Newspaper Page Text
Farmer s Union Bure :u of
-Conducted by the
South Carolina Farmers' Educa
tional and Co-Operation Union.
WCommunications intended for this
department should be addressed to J. C
Stribling, Pendleton, S. C.
Hold Your Cotton.
Laurens, S. C., Sept. 23rd, '07.
Farmers Union Men:
Do you till the soil? If so, please
stop and think before you rush your
cotton on the market at the present
price. At the first glance it looks
like eleven or twelve cents per pound
for cotton is a fair price. But when
you consider the advance of prices in
every line of business, effecting di
rectly the farming interests of our
state, you will readily see that fifteen
cents, the minimum price fixed by
the Union, is as little as we can afford
to sell our cotton for this eason.
The outlook, from the best authori
ty we can gather in this and other
states, is that there will be a small
crop of cotton' this year. There is
consdierable falling off from last
year's crop in Texas, and some of the
other large cotton growing states.
Texas did riot get a good stand, after
planting as many as three times in
places; and then to add to her mis
fortune, she is sorely distressed by
the bool weevil, which has destroyed
thousands of bales. Louisiana had to
plant and replant her crop of cotton,
and she is not only short in her crop
of cotton but in point of stand also.
And, if I had space and time, I could
show you state after state is short, or
will be short in the present crop of
cotton. I have been through nine
teen counties of this state, and find,
with few exceptions, only a normal
crop of cotton, with no top crop at
all. And izk several counties the crop
is being injured by the rust.
Don't be deceived or misled by the
cotton speculators' old and often re
peated cry of theirs a "Bumper
Crop'' in sight. This has been their
slogan in the past, and will be in the
future if you will only believe it. They
do this in order to seare us into dump
ing our cotton on the market, thus
eausing a never failing slump in pri
ees. To sell our cotton 'at the pres.
* ent prices is not only .financial sui
eide, but it is striking hands with the
greatest and deadliest foes known to
the suth, and direetly playing into
the hands of your worst enemy, and
turning your back on your own
friends, and ruining the union which
you have sworn to protect.
Let all the members of the union
come to the front and stand up like
men of brains, as well as men of cour
age. Let no member of your Sub-Un
ion sell till the minimum price is
reached. If you have some distress
cot'ton in your Subs, let your busi
ness agent make arrangements with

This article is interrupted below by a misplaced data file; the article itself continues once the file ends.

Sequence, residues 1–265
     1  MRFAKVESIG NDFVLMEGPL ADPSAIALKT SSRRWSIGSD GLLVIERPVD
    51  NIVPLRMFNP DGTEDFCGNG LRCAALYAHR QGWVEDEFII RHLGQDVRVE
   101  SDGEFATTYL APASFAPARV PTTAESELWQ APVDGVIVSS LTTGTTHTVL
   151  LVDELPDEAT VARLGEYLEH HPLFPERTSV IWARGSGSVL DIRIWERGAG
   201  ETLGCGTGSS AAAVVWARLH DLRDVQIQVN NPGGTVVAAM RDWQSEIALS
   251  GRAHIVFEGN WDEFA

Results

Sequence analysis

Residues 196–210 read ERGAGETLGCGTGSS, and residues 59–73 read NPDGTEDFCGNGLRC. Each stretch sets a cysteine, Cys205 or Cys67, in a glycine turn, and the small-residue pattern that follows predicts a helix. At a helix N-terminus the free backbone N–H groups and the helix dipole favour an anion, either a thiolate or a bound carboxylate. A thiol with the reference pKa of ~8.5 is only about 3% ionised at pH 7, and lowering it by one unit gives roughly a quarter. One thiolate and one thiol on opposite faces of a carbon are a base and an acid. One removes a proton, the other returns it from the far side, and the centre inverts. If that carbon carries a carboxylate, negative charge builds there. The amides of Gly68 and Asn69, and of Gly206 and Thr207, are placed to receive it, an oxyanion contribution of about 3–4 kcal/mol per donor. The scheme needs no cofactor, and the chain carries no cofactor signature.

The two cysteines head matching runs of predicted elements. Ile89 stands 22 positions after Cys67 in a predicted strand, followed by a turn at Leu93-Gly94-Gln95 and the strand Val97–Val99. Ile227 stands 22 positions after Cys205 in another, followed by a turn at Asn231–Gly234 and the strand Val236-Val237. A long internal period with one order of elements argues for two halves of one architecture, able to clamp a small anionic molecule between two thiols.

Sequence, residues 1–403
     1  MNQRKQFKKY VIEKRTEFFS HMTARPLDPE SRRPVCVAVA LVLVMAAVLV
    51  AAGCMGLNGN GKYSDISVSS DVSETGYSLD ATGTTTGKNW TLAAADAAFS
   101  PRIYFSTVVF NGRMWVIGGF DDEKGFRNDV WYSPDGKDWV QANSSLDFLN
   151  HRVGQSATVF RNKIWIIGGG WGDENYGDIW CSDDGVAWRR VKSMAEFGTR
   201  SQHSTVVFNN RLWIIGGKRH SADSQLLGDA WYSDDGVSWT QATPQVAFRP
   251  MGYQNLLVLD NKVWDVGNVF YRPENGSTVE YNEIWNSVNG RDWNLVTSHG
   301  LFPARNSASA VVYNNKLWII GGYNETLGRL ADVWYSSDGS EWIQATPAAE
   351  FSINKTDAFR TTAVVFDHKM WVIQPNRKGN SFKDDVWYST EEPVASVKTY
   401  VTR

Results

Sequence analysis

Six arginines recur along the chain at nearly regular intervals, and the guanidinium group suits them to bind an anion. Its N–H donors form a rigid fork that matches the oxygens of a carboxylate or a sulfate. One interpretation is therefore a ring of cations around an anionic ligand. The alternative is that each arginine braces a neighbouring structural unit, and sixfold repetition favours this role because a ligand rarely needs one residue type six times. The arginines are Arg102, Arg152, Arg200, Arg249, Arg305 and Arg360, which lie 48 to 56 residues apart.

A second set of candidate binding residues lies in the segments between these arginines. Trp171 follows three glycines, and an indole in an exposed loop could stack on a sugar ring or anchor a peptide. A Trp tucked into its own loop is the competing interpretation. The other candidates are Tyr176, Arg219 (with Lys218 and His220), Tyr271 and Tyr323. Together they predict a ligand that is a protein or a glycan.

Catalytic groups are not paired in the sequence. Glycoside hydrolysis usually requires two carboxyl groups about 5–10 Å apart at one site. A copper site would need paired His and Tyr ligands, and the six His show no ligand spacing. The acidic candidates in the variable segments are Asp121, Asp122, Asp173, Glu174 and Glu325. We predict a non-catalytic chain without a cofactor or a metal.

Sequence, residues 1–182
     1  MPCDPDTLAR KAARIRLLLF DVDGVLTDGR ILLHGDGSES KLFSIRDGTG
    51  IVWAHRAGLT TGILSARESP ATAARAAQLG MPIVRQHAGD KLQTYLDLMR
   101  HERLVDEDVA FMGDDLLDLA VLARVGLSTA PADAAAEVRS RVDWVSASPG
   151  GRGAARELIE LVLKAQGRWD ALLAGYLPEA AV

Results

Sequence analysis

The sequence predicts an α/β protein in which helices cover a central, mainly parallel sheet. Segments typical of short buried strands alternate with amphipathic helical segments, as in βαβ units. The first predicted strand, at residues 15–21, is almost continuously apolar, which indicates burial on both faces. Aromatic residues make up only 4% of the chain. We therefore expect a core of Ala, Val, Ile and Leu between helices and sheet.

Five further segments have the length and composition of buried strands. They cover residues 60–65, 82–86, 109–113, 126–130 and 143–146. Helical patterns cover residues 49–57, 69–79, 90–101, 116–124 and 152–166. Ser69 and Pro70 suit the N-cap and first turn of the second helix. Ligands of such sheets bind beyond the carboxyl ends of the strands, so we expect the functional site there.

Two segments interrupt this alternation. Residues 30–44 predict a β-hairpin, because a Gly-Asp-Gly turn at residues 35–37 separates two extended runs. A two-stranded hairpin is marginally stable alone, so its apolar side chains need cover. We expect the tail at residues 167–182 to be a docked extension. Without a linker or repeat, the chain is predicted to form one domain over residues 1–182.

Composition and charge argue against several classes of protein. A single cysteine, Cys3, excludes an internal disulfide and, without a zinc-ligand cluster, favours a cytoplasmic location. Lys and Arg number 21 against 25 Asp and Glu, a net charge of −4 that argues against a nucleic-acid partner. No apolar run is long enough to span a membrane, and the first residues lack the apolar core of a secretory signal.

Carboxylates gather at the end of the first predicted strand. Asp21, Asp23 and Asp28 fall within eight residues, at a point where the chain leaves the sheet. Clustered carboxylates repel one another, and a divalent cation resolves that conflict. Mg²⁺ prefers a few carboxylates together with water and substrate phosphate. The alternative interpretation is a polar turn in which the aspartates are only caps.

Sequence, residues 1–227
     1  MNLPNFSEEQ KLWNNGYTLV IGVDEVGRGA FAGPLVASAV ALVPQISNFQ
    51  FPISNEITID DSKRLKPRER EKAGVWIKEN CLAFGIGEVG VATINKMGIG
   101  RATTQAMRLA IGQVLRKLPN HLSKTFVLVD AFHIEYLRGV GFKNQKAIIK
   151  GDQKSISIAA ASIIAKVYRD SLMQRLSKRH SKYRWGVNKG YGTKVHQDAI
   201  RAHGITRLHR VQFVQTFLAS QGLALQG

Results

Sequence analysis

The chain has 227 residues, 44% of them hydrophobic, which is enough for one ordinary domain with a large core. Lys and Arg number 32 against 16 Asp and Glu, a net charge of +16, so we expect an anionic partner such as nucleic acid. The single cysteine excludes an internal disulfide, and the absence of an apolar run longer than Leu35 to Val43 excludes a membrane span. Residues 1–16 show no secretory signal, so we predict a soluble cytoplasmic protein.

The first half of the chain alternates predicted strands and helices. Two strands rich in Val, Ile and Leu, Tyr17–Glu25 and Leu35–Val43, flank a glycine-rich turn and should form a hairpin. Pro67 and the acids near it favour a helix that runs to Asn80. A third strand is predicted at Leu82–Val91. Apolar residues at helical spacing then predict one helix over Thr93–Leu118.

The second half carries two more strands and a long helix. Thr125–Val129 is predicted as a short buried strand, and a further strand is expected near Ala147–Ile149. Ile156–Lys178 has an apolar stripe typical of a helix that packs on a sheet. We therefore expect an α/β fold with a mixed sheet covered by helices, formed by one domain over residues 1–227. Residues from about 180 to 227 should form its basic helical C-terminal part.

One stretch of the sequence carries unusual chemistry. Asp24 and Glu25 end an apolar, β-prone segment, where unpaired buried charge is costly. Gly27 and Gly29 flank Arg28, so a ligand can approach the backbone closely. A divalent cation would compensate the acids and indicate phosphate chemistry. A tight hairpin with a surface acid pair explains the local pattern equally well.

the banker, with whom you deal, to
Thuish eighty per cent of the worth
of the cotton, and the bank hold the
cotton as collateral until the cotton
is sold and the note paid, and thus
hold your cotton, and pay your deb':s
too. If you have given a lien to a
merchant, have your cotton weighed,
and present him with the certificate of
weights, and ask him to credit your
account with .eighty dollars on the
-hundred dollars' worth, and he will
qnot refuse to accommodate you. But
-' I submit in all candor that it is the
best, if you can do so, to arrange
* with each member, where he is forced
to have money, to borrow. the money
*on the cotton, and hold the cotton for
the minimum price.
If you have built union warehouses,
put your cotton in? them, if not, use
the best and nearest warehouse fa
cilities you can get. It will most cer
tainly pay you to pay warehouse and
insurance charges and,hold your cot
ton. We have about one million sev
en hundred thousand members in the
cotton belt, and all in the world wa
*need is self-confidence, and confidence
in each other, and then co-operate
with other unions,. and others states,
if necessary, to make our selling it
bulks a success.
Our state businese agent, W. C
Moore, Greenville, S. C., who is ix
direct communication with one hun
dred cotton factors and spinners, will
be glad to confer with you about sell
-ing your cotton fr you in bulk, and
can save you money by selling yom~
cotton through him. Brother; let me
beg of you not to let the spirit of un
rest and distrust, that usually get:
abroad in our land during the cottor
selling season, influence you in the
least. Be a man and stand to youm
guns, and we are sure of success.
Last season with a thirteen arid
half million bale crop, and minimun
of eleven cents, we not only whippet
the neht and g'ot eleven cents. bui
where our men had the nerve to hold
they g-ot as high as thirteen cents and
,three fourths to fourteen cents per
This is an individual fight, as well
as a collective one; and the question
is not what are they going to do, but
as to what are you going to do ? The
difference, to the farmers of this state
between eleven and fifteen cents cot
ton (based on a million bale crop) is
twenty million dollars, and all you
-have to do is to be loyal to the un
ion, and it is yours.
There never has been a time in the
history of the south, till now, when